In this tutorial, we'll review step by step design tips to help you optimize the price for each factor:
Scaling down your design reduces both the machine space and material volume required to produce it, therefore reducing cost. If your model can be scaled down, making it smaller is a highly effective way to change the printing cost.
It might be obvious, but since you're scaling in three dimensions, adjusting the scale of your model has an exponential effect on material usage and machine space. For example, scaling down a 4cm cube by 50% decreases material usage by almost 90%.
When you're scaling down, make sure details stay above the minimum tolerances required by the selected material. Another thing to keep in mind is to leave fitted parts to their original size. You wouldn't want your egg cup to be good for only sparrow eggs.
To print models affordably on very expensive machines, we carefully nest together hundreds of models in a build. This means that instead of making your model smaller, you can tailor your design so that we can fill up any empty space inside it with other parts.
We're only able to put parts inside openings of at least 40mm across. If you have hollow areas with openings close to that size, then making them a bit bigger can make a huge difference in the cost of your model. The Machine Space visualization within Shapeways 3D tools will help you verify when you've made a void big enough for a cost reduction.
When hollowing your models, be mindful of the required minimum wall thickness of 0.7mm for our Versatile Plastic.
While material volume is the primary cost of other materials, with Versatile Plastic it's only one part of the calculation, and usually not the biggest one. With this in mind, thinning walls and wires may not be worth the loss in strength on your design.
However, if you find that a specific model is strongly impacted by the material volume, you can always explore creating thinner walls and wires by re-evaluating your wall and wire thickness as well as wall thickness carving. Again, keep in mind the material guidelines for Versatile Plastic such as the required minimum wall thickness of 0.7mm.
We want to ensure that every part of your design is treated with the time and care that it deserves. With multi-part models, that additional time means additional cost, and with high part count models it can get quite expensive. We've worked with our community to come up with some clever ways to make your multi-part models cheaper by making them easier for us to produce.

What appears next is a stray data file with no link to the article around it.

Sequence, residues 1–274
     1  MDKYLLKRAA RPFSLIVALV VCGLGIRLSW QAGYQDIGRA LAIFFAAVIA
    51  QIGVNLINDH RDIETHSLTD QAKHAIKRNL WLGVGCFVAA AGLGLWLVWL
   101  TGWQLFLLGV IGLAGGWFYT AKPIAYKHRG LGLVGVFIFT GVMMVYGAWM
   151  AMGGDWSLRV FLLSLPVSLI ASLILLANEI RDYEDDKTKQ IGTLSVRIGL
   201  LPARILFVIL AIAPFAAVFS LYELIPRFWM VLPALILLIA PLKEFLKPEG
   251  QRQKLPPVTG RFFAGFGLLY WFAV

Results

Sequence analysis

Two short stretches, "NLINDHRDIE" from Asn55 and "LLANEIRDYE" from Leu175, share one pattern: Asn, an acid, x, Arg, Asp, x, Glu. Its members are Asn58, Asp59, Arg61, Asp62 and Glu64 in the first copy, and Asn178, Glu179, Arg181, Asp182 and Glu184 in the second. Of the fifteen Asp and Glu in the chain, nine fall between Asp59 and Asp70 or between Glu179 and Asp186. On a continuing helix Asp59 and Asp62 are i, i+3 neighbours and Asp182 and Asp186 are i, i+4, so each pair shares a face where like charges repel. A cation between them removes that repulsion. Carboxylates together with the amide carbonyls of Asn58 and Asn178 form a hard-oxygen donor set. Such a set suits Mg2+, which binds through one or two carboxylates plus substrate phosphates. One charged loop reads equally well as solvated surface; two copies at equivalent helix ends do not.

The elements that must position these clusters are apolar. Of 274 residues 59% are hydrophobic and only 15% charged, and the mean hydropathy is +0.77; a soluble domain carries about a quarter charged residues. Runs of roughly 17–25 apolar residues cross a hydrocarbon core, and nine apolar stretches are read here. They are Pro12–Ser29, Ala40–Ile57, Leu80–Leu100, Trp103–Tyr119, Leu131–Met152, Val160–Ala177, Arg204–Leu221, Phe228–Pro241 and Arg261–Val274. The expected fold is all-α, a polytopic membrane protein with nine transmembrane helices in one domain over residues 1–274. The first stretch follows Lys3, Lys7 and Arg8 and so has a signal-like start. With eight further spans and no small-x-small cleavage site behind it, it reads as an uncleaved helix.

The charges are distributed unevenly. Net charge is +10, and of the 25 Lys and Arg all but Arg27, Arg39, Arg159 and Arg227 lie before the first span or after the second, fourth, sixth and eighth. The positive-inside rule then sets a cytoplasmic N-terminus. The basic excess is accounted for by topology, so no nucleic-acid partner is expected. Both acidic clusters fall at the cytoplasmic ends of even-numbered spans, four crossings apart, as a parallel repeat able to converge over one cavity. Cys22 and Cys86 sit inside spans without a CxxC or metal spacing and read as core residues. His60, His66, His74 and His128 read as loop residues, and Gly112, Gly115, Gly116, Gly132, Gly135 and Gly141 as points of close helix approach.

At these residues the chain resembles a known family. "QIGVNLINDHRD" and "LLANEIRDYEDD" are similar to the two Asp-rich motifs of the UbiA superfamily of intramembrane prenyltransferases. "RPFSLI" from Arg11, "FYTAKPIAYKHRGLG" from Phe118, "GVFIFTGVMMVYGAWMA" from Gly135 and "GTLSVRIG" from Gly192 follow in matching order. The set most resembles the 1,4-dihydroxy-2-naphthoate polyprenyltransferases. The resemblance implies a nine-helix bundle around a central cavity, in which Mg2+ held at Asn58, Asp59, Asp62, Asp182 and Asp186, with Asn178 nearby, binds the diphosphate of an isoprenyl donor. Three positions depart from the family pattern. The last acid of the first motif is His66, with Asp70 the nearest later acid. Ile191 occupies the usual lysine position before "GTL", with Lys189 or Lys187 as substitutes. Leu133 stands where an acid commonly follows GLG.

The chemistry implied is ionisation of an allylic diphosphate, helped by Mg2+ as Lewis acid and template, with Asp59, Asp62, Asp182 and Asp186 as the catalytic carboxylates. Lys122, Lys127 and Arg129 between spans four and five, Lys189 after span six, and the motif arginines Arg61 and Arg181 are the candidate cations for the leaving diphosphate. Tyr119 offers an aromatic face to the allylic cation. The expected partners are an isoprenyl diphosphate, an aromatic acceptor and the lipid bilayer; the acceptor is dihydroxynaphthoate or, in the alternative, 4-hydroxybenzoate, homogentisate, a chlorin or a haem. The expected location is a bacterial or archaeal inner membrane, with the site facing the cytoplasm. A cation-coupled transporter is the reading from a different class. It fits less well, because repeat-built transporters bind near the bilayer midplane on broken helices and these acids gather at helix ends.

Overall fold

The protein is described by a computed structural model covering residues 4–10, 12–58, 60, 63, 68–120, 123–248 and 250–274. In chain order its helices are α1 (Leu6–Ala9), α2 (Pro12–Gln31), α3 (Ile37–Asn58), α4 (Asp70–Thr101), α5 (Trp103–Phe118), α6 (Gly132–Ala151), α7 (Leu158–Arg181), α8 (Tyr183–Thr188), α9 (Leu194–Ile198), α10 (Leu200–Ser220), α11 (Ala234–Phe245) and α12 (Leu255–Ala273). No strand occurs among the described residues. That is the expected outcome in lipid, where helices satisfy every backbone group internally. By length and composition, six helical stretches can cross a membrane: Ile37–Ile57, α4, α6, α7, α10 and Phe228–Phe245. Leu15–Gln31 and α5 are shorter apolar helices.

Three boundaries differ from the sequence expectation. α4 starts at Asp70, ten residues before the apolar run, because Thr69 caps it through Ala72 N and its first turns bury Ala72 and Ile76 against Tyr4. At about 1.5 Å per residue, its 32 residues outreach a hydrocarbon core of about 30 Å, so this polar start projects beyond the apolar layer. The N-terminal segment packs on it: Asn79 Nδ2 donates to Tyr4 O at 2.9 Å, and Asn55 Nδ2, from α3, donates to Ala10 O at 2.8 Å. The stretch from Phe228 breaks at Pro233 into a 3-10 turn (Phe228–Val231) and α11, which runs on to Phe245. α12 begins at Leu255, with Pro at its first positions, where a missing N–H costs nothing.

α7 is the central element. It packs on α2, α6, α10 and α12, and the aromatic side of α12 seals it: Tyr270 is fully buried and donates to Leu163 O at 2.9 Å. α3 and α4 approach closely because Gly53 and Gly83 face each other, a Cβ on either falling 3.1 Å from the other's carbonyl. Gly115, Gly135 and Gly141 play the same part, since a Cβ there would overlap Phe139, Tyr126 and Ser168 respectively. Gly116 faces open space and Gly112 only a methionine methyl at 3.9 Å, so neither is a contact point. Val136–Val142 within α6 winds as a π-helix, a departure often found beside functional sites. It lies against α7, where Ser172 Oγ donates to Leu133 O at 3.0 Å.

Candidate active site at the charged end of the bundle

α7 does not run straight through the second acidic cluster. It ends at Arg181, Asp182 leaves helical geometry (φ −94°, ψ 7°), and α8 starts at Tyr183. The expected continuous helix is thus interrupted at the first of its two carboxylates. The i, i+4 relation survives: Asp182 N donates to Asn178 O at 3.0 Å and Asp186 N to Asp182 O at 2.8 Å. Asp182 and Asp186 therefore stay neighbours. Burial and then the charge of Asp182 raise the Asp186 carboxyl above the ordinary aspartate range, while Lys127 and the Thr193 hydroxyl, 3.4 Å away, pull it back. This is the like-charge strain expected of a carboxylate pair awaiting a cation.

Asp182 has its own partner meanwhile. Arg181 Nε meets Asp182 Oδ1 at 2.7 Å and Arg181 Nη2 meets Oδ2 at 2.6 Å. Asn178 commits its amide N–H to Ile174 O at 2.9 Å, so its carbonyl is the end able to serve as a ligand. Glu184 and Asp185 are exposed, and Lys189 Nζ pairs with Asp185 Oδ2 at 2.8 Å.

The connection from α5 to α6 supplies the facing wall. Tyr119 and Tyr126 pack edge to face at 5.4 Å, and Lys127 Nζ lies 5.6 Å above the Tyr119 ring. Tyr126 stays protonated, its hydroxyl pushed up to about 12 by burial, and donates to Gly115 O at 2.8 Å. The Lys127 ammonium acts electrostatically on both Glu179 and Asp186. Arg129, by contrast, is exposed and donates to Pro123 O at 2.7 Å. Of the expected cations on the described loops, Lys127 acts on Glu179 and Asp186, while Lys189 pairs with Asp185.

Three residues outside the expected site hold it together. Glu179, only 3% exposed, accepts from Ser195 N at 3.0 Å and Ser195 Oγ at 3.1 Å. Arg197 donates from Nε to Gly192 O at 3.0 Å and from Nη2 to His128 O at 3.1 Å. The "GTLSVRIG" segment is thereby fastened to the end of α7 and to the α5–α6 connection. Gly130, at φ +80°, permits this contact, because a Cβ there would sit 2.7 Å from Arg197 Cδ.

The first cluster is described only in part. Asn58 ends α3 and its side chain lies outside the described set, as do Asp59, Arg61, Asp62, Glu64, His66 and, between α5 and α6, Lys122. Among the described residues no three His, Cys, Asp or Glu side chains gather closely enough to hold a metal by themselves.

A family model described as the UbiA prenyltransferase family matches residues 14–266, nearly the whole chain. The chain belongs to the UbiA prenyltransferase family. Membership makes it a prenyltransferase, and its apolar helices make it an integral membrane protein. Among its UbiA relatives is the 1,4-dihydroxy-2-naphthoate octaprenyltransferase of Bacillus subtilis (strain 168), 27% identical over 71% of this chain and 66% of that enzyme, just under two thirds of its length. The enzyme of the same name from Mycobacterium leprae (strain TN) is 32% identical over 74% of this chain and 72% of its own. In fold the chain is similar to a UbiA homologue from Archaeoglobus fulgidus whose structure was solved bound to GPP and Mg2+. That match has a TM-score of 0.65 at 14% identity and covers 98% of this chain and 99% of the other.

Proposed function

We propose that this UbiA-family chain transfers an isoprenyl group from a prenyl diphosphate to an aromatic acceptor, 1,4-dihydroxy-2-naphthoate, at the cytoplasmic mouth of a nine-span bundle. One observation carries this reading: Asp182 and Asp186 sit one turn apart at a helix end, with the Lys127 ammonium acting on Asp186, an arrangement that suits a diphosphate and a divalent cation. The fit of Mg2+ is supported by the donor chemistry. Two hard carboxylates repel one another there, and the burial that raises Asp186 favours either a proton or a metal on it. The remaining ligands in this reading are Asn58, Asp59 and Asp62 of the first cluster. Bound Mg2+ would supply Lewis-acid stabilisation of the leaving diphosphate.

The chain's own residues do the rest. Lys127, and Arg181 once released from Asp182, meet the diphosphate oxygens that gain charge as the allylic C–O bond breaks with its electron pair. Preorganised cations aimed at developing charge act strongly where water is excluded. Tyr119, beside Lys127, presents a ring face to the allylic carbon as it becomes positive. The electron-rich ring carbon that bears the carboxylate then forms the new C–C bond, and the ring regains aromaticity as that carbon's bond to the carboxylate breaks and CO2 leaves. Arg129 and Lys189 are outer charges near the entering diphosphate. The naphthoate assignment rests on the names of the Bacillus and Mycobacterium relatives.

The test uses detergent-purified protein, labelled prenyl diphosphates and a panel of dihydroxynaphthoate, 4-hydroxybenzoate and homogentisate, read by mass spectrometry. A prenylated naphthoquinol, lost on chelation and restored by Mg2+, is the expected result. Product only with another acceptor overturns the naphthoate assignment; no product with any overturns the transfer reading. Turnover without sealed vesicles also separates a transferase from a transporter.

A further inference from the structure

Definition of a Part: A part is a piece of a model that can be picked up and handled separately from other parts. For example, two earrings are two parts, but a chain with twenty links in it is only one part.
If your parts all have holes through them, consider putting them on a loop. Putting your parts on a key-chain style loop ensures that we check, plan, handle and ship your product as one part. Good candidates for looping are lightweight parts with a common hole like rings, gears, and nuts.
Pro-tip: When you loop your parts, we can no longer orient them individually, or space them out for you. Take a look at the guidelines below to help you design your loop. Putting large/solid/heavy parts on a loop will break the wire, and trigger a canceled model.
For multi-part designs you intend to print in our basic (unpolished) White Versatile plastic, our Part Count tool within Shapeways 3D tools gives you the ability to add a mesh wrapper, called a sintershell, around your model. The idea behind sintershells is that we'll check, plan and process the wrapper and it's contents as a single part, reducing your labor cost.
We'll charge you labor for only one part, but the sintershelled model will use more material and space in the machine. On designs with many small parts, adding a sintershell may lower your cost, so it can be a great option to experiment with particularly for puzzles, building blocks, and assemble-it-yourself sets.
Though it may help to reduce your cost, the sintershell makes it harder for us to fully clean and inspect all the individual parts in your model. It's intended for DIY-ers who don't mind a little elbow grease when their package arrives.
We don't automatically pack the parts in your sintershell, so pack your parts close together to decrease costs but remember to keep at least 1mm between parts to prevent them from fusing together.
Please Note: Yield rates on sprued parts are often very low, introducing production delays and potentially preventing your product from moving out of First to Try. For this reason we strongly recommend using the above methods instead whenever possible.
Sprueing your parts presents some unique challenges at quality checking for our manufacturing teams. For particularly complex geometries, it becomes challenging to ensure your sprued structure is completely intact with all of its parts before we ship it. For best results with spruing, use it sparingly, use thick wires, solid connections, and attach every part in a least two places.
Each finish in our Versatile Plastic Family has its own minimum and maximum requirements that can be found on the Versatile Plastic Material Information Page.
Of course, if you have any unanswered questions, please contact us. We're always happy to help.